Earlier this week, placenta encapsulation was discussed in the Yahoo article, Are Placenta Pills a Miracle Cure or Just a Scam? The article discussed one mother’s amazing testimony that placenta capsules helped her postpartum recovery significantly. In the article, the mom states that she recovered from birth more quickly, had energy, and an overall feeling of wellness. She was even able to go off of her blood pressure medication and attributed it all to her placenta capsules.
The mom in the Yahoo article is not alone. There are multitudes of women around the globe who make the same claims regarding placentophagy, the act of consuming placenta. Since the research on placentophagy is still in its infancy, some skeptics claim it is possibly only a placebo affect. Harvey Kilman, MD, PhD., a Yale researcher, is one of the skeptics claiming placenta capsules are a “homeopathic, neutral nothing.” However, no one can deny or ignore all the women who are experiencing a glorious, energy-filled, happy babymoon. After all, in the most recent study on placenta encapsulation provided by UNLV, 96% of moms had a positive experience after ingesting placenta and 98% said they would do it again for subsequent children.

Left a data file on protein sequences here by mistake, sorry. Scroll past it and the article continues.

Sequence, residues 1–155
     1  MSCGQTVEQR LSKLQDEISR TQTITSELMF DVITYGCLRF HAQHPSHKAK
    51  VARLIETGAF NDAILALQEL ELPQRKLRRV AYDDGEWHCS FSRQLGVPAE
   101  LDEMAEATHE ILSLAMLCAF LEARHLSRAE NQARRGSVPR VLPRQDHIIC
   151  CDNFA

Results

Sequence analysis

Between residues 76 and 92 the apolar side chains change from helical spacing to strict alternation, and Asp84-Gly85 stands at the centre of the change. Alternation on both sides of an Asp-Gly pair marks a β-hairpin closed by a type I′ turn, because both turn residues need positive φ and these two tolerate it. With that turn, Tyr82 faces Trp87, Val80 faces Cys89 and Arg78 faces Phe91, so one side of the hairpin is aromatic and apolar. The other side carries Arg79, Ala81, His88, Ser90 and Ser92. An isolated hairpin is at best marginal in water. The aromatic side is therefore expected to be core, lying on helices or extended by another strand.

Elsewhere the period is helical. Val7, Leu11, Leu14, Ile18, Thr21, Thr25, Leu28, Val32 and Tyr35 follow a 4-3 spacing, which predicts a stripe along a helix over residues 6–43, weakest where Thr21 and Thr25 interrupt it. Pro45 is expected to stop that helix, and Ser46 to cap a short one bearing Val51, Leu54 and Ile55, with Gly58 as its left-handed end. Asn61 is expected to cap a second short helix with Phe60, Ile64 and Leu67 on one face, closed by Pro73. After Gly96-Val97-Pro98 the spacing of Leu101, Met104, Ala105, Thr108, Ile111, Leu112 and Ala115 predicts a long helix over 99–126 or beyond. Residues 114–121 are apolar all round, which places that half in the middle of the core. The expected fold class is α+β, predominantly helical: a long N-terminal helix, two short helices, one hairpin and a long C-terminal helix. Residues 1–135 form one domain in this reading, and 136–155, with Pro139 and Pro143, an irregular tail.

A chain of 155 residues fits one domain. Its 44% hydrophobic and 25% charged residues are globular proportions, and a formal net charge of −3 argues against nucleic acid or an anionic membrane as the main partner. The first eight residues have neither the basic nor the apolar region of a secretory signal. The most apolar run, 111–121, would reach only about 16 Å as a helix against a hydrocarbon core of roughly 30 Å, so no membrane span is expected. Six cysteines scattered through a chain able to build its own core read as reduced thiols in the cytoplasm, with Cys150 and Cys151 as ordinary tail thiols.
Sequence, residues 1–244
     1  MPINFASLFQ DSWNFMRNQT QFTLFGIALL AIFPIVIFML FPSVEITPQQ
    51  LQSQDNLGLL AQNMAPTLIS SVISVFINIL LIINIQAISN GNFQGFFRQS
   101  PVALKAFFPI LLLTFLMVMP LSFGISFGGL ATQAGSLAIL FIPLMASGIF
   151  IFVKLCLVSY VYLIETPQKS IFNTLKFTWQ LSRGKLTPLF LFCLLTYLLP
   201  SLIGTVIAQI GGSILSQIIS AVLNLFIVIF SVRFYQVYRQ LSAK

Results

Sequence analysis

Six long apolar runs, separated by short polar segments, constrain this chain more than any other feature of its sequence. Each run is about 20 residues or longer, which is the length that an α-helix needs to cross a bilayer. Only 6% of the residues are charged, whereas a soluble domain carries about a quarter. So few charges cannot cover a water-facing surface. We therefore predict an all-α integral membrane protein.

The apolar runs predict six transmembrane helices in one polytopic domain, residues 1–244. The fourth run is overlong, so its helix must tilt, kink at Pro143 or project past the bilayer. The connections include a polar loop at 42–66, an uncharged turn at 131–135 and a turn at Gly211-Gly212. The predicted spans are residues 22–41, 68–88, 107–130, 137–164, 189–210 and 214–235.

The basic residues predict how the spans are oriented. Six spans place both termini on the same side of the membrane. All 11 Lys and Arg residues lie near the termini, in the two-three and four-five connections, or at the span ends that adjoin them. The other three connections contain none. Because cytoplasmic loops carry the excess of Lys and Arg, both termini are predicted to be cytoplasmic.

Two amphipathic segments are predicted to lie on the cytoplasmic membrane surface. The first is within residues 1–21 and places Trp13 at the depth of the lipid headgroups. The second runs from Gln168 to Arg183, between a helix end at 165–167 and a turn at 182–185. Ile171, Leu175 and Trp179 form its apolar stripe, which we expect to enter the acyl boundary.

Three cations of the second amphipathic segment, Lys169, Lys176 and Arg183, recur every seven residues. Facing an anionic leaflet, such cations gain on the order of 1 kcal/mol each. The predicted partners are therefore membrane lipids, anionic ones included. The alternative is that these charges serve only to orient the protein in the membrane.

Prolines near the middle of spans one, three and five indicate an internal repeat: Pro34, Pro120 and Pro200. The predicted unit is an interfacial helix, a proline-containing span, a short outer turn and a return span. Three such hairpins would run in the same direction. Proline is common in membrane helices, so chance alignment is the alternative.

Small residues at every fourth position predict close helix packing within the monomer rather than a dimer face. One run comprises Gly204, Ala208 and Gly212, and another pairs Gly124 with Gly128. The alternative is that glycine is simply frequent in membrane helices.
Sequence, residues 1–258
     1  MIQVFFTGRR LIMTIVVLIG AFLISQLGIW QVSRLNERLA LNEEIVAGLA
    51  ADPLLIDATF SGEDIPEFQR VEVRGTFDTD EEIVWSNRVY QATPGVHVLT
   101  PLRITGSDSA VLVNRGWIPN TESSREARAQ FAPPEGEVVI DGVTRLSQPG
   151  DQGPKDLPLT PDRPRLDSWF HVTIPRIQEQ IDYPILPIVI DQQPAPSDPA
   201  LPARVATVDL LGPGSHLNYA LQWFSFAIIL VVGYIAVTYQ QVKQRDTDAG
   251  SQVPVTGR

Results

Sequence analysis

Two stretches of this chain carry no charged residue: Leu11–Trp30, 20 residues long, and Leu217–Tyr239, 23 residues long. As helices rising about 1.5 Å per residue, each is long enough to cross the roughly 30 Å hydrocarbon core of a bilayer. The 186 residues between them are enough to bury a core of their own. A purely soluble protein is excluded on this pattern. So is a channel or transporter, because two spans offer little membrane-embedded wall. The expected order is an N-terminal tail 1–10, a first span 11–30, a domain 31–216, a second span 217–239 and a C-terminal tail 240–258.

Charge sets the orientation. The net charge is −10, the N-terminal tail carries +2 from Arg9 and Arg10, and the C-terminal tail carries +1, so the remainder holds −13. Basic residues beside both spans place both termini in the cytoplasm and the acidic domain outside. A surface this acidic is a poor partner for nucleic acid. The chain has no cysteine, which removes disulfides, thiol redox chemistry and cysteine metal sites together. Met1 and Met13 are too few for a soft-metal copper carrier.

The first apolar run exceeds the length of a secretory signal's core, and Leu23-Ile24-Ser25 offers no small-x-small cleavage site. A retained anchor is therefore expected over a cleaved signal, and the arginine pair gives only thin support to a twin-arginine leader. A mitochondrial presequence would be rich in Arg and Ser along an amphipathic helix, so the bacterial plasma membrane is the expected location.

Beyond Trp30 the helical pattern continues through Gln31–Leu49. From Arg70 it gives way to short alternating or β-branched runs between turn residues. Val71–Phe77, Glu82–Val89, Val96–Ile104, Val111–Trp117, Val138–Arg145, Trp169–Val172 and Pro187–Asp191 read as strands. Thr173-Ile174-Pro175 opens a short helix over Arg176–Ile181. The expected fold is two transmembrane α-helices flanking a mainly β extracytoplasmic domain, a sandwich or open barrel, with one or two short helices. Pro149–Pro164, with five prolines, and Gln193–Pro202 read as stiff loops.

Biologically, placentophagy just makes sense. A mother’s hormone levels are triple the normal levels in her 3rd trimester. The rise in hormones is thought to get mom through the stress of labor and delivery. Around 3 or 4 days postpartum mom’s hormones can drop back to baseline, and by day-10 can actually be below baseline levels. That’s right, mom’s hormones go from triple the normal level to baseline in just 3-days. That is a huge hormonal crash that would leave any new mom feeling weepy, anxious, and overwhelmed. The body will regulate itself, but it typically takes about 3-4 weeks, every woman varies. Placenta encapsulation is a way of reintroducing mom’s own hormones so that she can bridge the gap between birth and when her body regulates itself. By doing so, she is able to stabilize her hormone levels and, as a result, reduces some of the risk factors for the baby blues and postpartum depression. You have to admit, if almost all mammals on the planet engage in this behavior (with the exception of camels and sea mammals), they must be onto something.
To read the most recent research from UNLV regarding placenta encapsulation, you can visit Ecology of Food and Nutrition.
To read more about why placenta encapsulation works for postpartum recovery and a summary of the UNLV research, click here.